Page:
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Trail Directions

The Beaver Creek Trail enters the Indian Peaks Wilderness and climbs through the trees for 1.7 miles. At the first junction head west (left) onto the Mount Audubon Trail as it heads west.

The Mount Audubon Trail continues climbing above timberline. The trail ends at the saddle where, there is a view down into the Coney Lake drainage. For the final half-mile, and 600 vertical feet, follow the rock cairns up the talus to the summit.

Trailhead Directions

Flat Tops Scenic Byway (10,343′), Flat Tops

Flat Tops Scenic Byway (10,343′), Flat Tops

Flat Tops Scenic Byway (10,343′), Flat Tops

Flat Tops Trail Scenic Byway (County Road 8), runs through the northern portion of the Flat Tops Wilderness. The Flat Tops is Colorado’s second largest Wilderness, spanning a total of 235,214 acres.

The Flat Tops are part of the White River Plateau, with an average elevation of 10,000 feet. Approximately 110 lakes and ponds, often unnamed, dot the country above and below the numerous flat-topped cliffs. The valleys and relatively gentle land above the cliffs offers over 160 miles of trails to explore.

Trappers Lake is located at the halfway point, and is well worth a short detour.

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Trail Directions

 Starting from the east side in Yampa, take County Road 8 to the west.

The road soon begins to climb until you reach Dunkley Pass at 9,763′.

After descending the pass, the road begins to climb again very quickly until you reach the highest point on the byway, Ripple Creek Pass 10,343′.

Continuing west you soon reach the Trappers Lake turnoff. This marks the 1/2 point of the byway.

Soon after the Trappers Lake turnoff the road becomes paved the rest of the way to Meeker. Its a slow decent with large ranches in the lush valley.

Trailhead Directions

Trappers Lake (9,627′), Flat Tops

Trappers Lake (9,627′), Flat Tops

Trappers Lake (9,627′), Flat Tops

Roughly a mile and a half long and half a mile wide, reaching depths of 180 feet, Trappers Lake is the second largest natural lake in Colorado after Grand Lake. You reach the lake by taking the Flat Tops Scenic Byway from Yampa or Meeker.

The area is as wild today as it was when it was first discovered. In 1891 White River, which includes the Flat Tops, became one of the first two National Forests in the U.S.

The trail around the lake is named for Arthur Carhart, whose survey near the lake in 1919 inspired him to recommend preserving the area without development for future generations to enjoy. Arthur Carhart’s efforts set the stage for the Wilderness Act of 1964 and the National Wilderness Preservation System which includes Trappers Lake and the rest of the Flat Tops Wilderness.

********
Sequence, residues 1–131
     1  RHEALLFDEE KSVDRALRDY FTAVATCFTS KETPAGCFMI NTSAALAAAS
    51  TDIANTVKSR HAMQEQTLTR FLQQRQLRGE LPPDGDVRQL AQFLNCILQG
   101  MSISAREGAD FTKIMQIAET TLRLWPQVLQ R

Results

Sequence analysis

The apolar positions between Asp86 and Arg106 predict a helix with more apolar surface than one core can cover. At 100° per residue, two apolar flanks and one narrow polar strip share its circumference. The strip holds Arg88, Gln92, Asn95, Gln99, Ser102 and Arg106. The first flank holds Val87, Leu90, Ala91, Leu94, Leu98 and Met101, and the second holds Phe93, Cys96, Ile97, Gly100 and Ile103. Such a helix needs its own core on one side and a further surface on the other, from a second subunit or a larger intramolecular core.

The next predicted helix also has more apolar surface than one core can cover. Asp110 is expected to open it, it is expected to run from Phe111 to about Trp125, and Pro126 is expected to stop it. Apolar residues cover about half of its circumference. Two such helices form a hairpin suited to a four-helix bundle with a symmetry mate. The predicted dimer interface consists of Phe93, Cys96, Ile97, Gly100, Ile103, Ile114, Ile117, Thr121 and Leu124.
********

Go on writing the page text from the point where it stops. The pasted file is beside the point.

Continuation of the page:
The trailhead is adjacent to the beautiful Trappers Lake Overlook.

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Trail Directions

From the end of Trappers Lake road, take the Arthur H Carhart Trail in either direction around the lake. The trailhead is next to the Trappers Lake Overlook. The trail is easy to follow in summer conditions.

Trailhead Directions

Hayden Pass (10,709′), Sangre de Cristo Range

Hayden Pass (10,709′), Sangre de Cristo Range

Hayden Pass (10,709′), Sangre de Cristo Range

Hayden Pass road crosses the Sangre de Cristo Mountains between Villa Grove in the west, and Coaldale to the east. The road is most challenging and scenic when started from Villa Grove, on the southwest side. With grades up to 20%, great views of the San Luis valley below can be seen.

This is one of only two vehicle passes over the Sangre de Cristo range. The other vehicle pass being Medano Pass, on the southern tip of the range. This pass travels through the Great Sand Dunes National Park.

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Route Directions

Start by accessing Hayden Pass RD (FR 6) from Coaldale on the east side of the Sangre de Cristo mountains or from Villa Grove on the west side.

The pass is more difficult if started on the west side (Villa Grove) because you are climbing on a very rocky trail.

Hayden Pass summit is a large flat area after a continuous climb. The views from the road here are blocked by thick forest.